The reading centers on three titles associated with Jesus of Nazareth – Son of Man, Son of God, and Christ. All three names are politically loaded – in favor of the poor rather than the privileged and powerful.

Jesus asks his friends, “Who is the Son of Man in history and for us today?” (Scripture scholars remind us that the “Son of Man” is a figure from the Book of Daniel. He is the judge of all those who oppress the People of God whether they’re Egyptians, Assyrians, Babylonians, Medes, Persians, Greeks or Romans. He is “the human one” as opposed to a series of monstrous imperial beasts which the author of Daniel sees arising from the sea against God’s poor.)

So Jesus’ question boils down to this: who do you think has taken the strongest stand against Israel’s oppressors? Jesus’ friends mention the obvious heroes, Elijah and Jeremiah. But in the end, they settle on a contemporary political prisoner in King Herod’s version of Abu Ghraib. He’s John the Baptist who was Jesus’ mentor. (According to Jesus, John was the greatest of all the prophets of Israel.) He’s the Son of Man, they say.

Having set that anti-imperial tone, Jesus then asks the question, “What about me? Who do you say that I am?” No question could be more central for any of us pretending to follow the Teacher from Nazareth. How we answer determines the character of the path we walk as Jesus’ would-be disciples in a world filled with Charlottlesvilles, Yemens, Raqqas, Hell Fire Missiles and militarized cops. Our answer determines whose side we are on – that of Mr. Trump, his friend Sheriff Arpaio, or with the innocent victims of U.S. bellicosity.

Matthew makes sure we won’t miss the political nature of the question. So he locates its asking in Caesarea Philippi – a city Herod obsequiously named for his powerful Roman patron. Herod had commemorated the occasion by minting a coin stamped with the emperor’s countenance and identifying him as “the Son of God.” Caesar was also called “the Christ,” God’s anointed. Good Jews saw all of that as idolatry.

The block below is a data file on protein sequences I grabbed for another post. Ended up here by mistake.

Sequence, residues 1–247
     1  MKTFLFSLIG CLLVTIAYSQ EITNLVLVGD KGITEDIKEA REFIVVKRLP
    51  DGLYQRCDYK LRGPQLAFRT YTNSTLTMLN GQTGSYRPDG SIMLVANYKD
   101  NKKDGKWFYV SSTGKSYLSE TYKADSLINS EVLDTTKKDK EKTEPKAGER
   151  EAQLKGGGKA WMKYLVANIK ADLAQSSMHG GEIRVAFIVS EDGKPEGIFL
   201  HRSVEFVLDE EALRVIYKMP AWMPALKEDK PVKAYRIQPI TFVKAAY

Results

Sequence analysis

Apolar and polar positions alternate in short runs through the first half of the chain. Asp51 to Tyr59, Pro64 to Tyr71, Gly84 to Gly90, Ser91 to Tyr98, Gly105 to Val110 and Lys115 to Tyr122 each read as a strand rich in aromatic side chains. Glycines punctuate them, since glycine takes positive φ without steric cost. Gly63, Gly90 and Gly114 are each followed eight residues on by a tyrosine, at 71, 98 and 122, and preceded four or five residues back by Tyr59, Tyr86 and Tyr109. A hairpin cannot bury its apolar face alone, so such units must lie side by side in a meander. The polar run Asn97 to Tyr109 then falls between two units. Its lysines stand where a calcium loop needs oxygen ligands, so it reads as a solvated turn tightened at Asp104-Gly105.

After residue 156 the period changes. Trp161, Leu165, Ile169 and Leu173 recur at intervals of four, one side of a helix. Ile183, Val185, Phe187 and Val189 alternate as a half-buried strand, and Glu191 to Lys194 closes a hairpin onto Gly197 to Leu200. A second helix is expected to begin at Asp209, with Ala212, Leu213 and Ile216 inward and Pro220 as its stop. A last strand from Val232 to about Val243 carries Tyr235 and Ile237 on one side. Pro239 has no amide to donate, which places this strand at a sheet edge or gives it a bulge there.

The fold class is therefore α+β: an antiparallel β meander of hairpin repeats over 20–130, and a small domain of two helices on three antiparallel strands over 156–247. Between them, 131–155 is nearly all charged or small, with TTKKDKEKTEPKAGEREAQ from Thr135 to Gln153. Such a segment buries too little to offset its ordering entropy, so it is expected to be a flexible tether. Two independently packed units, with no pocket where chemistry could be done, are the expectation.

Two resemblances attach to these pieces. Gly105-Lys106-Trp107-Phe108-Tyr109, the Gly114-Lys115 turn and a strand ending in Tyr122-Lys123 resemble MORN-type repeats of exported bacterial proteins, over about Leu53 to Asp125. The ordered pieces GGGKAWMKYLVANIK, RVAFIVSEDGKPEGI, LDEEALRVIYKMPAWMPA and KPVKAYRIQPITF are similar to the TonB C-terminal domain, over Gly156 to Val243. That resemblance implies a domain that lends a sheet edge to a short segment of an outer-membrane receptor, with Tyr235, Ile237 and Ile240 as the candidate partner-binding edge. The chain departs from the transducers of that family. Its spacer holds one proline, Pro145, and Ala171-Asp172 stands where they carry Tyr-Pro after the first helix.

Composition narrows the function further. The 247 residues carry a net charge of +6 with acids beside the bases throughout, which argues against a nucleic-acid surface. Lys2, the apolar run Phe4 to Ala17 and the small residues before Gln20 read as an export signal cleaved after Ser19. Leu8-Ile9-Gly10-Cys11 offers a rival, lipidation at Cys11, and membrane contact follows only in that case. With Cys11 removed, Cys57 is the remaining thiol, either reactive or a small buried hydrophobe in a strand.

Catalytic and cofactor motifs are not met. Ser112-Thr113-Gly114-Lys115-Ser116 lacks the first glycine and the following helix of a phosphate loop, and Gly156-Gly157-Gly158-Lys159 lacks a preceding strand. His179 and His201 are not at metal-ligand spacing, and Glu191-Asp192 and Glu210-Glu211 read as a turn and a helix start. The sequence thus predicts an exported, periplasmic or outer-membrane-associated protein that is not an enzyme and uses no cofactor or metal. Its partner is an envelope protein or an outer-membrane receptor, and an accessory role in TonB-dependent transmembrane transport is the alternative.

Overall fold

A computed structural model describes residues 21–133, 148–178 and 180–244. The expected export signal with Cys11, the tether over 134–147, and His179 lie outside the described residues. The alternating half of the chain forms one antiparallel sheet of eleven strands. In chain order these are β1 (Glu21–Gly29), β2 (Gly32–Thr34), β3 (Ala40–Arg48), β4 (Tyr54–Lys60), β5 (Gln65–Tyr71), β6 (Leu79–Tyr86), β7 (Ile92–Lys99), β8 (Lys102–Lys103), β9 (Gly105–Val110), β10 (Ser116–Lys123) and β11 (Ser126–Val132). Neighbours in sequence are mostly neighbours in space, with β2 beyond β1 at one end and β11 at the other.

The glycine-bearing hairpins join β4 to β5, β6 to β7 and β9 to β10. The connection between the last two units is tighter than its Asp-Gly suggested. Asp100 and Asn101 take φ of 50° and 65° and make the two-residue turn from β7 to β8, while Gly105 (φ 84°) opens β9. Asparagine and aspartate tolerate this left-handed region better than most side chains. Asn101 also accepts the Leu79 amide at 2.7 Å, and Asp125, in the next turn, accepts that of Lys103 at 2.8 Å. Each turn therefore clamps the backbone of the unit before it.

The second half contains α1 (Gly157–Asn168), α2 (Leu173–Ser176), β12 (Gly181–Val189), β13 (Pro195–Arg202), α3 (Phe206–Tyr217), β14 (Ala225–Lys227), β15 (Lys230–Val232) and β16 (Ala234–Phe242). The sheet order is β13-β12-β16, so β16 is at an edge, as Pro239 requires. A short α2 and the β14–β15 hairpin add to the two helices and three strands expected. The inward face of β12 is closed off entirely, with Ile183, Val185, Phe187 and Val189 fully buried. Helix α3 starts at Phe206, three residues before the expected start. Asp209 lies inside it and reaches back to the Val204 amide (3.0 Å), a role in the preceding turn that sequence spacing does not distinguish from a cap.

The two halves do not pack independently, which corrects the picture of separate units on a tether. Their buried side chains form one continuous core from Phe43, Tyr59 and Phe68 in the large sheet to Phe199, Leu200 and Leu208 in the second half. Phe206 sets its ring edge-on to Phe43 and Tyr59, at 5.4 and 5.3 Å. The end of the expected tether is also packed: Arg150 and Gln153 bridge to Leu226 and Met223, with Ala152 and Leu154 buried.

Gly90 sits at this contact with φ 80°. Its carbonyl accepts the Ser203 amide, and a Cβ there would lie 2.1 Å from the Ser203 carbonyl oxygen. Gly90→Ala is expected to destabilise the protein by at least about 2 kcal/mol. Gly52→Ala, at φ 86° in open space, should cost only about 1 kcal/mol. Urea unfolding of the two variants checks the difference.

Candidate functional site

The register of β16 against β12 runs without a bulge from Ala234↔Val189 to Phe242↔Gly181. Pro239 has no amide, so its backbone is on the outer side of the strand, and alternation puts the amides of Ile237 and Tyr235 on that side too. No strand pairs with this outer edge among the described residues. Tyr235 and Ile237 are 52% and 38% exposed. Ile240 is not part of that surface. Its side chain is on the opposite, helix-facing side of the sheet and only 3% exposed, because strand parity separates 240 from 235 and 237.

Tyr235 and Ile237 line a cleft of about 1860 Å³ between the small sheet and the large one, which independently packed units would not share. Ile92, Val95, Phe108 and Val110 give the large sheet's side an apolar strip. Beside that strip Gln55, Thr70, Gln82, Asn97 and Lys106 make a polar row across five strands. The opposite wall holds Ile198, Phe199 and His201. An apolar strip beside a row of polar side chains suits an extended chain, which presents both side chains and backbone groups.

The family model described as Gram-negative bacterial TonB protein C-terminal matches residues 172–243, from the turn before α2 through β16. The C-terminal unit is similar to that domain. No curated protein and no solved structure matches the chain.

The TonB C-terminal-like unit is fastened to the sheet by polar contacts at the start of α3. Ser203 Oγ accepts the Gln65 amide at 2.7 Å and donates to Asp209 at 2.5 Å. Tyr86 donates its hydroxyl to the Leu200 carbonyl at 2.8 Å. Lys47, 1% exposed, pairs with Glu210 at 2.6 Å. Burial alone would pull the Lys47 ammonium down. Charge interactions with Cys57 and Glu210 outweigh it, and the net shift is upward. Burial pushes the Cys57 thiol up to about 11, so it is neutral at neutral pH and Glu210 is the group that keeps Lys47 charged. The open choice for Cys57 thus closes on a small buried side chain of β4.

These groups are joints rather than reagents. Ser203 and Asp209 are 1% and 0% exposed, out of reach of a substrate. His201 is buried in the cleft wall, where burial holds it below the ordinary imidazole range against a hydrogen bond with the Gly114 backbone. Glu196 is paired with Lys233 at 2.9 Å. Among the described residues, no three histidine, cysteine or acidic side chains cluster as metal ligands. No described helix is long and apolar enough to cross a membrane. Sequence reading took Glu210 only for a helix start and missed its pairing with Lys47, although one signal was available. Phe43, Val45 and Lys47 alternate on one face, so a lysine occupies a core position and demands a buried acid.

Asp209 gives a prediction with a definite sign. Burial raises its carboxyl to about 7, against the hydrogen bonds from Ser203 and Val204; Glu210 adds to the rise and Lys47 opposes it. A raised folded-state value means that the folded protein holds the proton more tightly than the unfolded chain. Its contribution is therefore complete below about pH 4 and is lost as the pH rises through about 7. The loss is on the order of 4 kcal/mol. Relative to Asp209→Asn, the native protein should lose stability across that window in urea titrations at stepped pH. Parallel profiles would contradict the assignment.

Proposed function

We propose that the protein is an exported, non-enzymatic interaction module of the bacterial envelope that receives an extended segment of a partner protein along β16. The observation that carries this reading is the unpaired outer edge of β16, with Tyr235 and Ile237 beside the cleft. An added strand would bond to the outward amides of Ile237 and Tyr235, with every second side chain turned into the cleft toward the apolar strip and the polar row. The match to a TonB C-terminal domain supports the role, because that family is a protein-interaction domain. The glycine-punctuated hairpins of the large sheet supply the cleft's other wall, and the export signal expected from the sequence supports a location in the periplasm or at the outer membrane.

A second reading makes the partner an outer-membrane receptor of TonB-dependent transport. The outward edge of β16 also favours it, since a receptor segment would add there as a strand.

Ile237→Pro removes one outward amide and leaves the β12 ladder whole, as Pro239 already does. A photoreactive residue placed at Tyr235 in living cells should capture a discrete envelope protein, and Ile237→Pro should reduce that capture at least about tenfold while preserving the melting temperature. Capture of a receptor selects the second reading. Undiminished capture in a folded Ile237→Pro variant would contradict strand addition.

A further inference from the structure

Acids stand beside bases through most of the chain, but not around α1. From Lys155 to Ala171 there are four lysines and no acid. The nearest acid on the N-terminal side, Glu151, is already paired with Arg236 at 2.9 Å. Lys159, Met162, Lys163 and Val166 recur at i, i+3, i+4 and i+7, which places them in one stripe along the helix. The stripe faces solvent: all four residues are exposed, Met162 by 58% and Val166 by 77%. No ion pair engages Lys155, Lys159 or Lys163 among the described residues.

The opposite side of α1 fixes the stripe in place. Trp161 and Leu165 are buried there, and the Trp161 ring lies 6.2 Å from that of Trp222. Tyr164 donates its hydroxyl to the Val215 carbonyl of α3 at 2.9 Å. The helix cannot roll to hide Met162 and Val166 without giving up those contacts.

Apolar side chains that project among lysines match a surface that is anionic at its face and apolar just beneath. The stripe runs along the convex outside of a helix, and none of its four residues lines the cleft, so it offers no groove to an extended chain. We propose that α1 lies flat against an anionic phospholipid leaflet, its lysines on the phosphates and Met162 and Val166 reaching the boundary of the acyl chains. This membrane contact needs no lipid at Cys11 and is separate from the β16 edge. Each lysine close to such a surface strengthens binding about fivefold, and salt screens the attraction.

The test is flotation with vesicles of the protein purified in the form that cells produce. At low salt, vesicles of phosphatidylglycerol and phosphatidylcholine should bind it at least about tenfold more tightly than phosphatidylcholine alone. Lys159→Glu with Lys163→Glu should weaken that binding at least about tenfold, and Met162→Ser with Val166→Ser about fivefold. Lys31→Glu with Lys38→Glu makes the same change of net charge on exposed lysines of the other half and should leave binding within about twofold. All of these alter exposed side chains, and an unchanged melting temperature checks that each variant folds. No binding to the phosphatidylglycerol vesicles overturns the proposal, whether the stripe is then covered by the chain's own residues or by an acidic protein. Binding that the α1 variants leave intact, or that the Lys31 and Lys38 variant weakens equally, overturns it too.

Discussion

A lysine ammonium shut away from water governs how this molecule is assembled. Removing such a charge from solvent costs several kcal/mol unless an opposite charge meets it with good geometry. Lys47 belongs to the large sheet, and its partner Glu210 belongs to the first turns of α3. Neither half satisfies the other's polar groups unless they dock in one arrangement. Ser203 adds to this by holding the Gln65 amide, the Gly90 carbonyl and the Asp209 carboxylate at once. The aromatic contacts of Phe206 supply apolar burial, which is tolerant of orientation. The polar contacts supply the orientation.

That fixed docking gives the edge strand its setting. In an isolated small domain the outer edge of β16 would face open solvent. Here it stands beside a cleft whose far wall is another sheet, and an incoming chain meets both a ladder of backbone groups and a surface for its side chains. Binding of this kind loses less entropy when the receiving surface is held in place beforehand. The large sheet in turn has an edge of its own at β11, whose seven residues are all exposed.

So Peter’s answer, “You are the Christ, the Son of the Living God” has the effect of delegitimizing Caesar and his empire. It’s also a swipe at King Herod. Peter’s response couldn’t be more political. Jesus, not Caesar is king, God’s anointed, the Son of God.

Neither could Peter’s words be more spiritually meaningful and heartening for those of us discouraged by events in those places afflicted by permanent U.S. belligerence.

The encouragement is found in Jesus rejoinder about the “gates of hell” and the “keys of the kingdom.” Jesus says, “Blessed are you, Simon son of Jonah . . . I will give you the keys of the kingdom of heaven . . . whatever you bind on earth will be bound in heaven, and whatever you loose on earth will be loosed in heaven.”

What powerful words of encouragement! They say that the world’s ultimate decision-makers are poor people like the fisherman, Peter, and like the rest of Jesus’ followers – the beggars, prostitutes, and victims of Roman imperialism. It’s what they decide — what they bind on earth — that reflects God’s divine order. History is on their side, not on that of the apparently invincible.

For those who would join Jesus on “The Way” to God’s Kingdom, Jesus’ words disclose the very key to life’s meaning. In effect, Jesus says, “Here’s the key to opening ‘the gates of hell’ and transforming life’s Infernos into God’s kingdom: all our actions – even apparent failures like my coming crucifixion – have cosmic significance. Don’t be discouraged even when the agents of hell end up killing me – as they inevitably will.”

In other words, we may not be able to see the effect of resisting empire and its bloody agents in the short term. But each act has its effect. God’s Kingdom will finally come. That’s our faith! It’s what gives meaning to our lives of resistance.

In today’s second reading, Paul elaborates the point. He says it’s not always apparent what God is up to in the world. After all, the ways of Transcendent Reality are deep and beyond comprehension – even by the wisest human beings. We may not be able to see God’s (political and personal) purposes at close range. But ultimately their inscrutable wisdom will become apparent (ROM 11: 33-36).

Or as Martin Luther King put it: “The arc of the moral universe is long, but it bends towards justice.”

All of us need to embrace that wisdom, refuse discouragement and continue doing what we can to resist the forces of empire and unlock those “Gates of Hell.”